Hours: Mon.-Thu. 11 a.m.-10 p.m.; Fri.-Sat. 11 a.m.-11 p.m.; Sun. 11 a.m.-9 p.m.
Prices: Starters $7-13; entrées $14-27
Fare: Traditional and original seafood
Atmosphere: Cavernous, yet candlelit and cozy
Liquor: Full bar
When the seafood chain McCormick and Schmick's first opened at Pittsburgh's shiny new SouthSide Works, it seemed to portend a significant exception to other national chain restaurants. For one thing, its proprietors displayed all the ambition of hard-working local entrepreneurs, aggressively recruiting some of the best personnel from Pittsburgh's existing seafood restaurants. If that ruffled a few feathers, it certainly promised an elite level of dining.
Then there was the restaurant itself: dark woodwork and mica light fixtures handsomely evoking Pacific Northwest Craftsman style rather than the raucous shore-shanty aesthetic of so many seafood places. Our only objection to the interior was the noise level -- the tables are close together, and hard surfaces bounce conversations around in a manner unbecoming $20 entrees.
Those entrees are listed on a large menu updated daily for lunch and dinner. With 28 fish and shellfish on the Fresh List across the top, and the oyster listing alone longer than the perfunctory offerings of meats and poultry, this is not a place for the landlubber in you.
The appetizers we chose, crab cake and steamed mussels, are ubiquitous, and not just in seafood restaurants. We wanted to find out if McCormick and Schmick's could parlay these old standards into something special. With the mussels, the answer was yes. A red curry broth, although lacking the aromatic hallmarks of true Thai curry, had a subtly spicy herbal flavor, carried by coconut milk, that built up on our palates as we ate, and the mussels were uniformly large and tender. The flash-fried Maryland crab cake was less satisfying. Though the lumps of crab were jumbo enough, the seasoning was weak, tasting to Angelique mainly of pickles. However, the tartar sauce had the creamy, tangy character of an aioli.
Whittling down the choices for entrées was a challenge with McCormick and Schmick's lengthy menu of specialties (there is also a shorter list of "Traditional Seafood" dishes, including baked cod and fried Gulf shrimp). Did we want our fish pecan-crusted or stuffed with crab and Brie? Blackened, seared or sautéed? With Jamaican hot-rum-butter sauce or pineapple buerre blanc? Angelique ultimately chose Nova Scotian steelhead -- a relative of salmon -- broiled with parmesan and horseradish crust. Though the fish itself was beautifully cooked, the preparation, which seemed to offer an appetizing combination of nutty, creamy and zingy flavors, was tentative to the point of being bland. Too-small amounts of parmesan and horseradish failed to meld into the zesty, crispy crust Angelique was anticipating, instead providing only trace flavors to the moist, flaky steelhead.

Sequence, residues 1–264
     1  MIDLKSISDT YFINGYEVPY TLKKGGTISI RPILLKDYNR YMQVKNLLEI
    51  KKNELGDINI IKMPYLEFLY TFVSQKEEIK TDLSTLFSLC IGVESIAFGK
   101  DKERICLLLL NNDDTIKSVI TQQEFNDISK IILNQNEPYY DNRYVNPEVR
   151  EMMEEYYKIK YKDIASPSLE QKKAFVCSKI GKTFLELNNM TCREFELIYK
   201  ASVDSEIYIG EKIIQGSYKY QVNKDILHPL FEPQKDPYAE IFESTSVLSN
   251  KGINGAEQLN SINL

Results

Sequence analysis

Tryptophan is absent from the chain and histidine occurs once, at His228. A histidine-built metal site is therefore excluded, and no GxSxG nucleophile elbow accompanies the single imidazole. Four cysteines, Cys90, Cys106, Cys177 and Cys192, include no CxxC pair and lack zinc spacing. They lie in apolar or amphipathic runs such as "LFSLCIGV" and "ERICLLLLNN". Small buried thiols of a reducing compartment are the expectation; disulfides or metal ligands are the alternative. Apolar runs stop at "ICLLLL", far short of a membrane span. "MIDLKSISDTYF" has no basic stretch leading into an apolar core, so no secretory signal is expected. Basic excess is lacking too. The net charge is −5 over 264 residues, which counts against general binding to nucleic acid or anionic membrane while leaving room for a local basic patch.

As an inland seafood restaurant should, McCormick and Schmick's emphasizes freshness at every turn, so Jason took the opportunity to try its specialty, "True Cod," poached with spinach, crab, prosciutto and boursin cheese. As he hoped, this fish was light, firm, and without a trace of oiliness or fishiness. Unfortunately, again, the toppings, which had sounded so tempting, were scant: The boursin in particular only evidenced itself in a precious few bites, and the minced ham was more apparent visually than on the tongue. The problem, it seems, lies in deciding whether the dish is meant to be a pure offering of fresh fish or a more elaborate pairing of other flavors with the fish foundation. In the cases of both of our entrees, it seems the kitchen tried to split the difference, with disappointing results.
Still, we were game for dessert. Angelique, who grew up in the South, was thrilled to find the Southern treat of red velvet cake on the menu; she was eager to compare McCormick and Schmick's to her own. Sadly, the cake was sold out, and she settled for Boston cream pie, an extravagant affair several inches thick and glazed with glossy chocolate frosting. Jason's almost-flourless chocolate torte balanced, delectably, on the precipice between moist and crumbly.
McCormick and Schmick's has obviously made a tremendous investment in bringing its brand of upscale seafood restaurant to Pittsburgh. Though we found the atmosphere congenial and the freshness of seafood as advertised, ultimately, with an expensive menu of mostly unimpressive preparations, it didn't pay dividends in our dining experience.
Angelique: 2 stars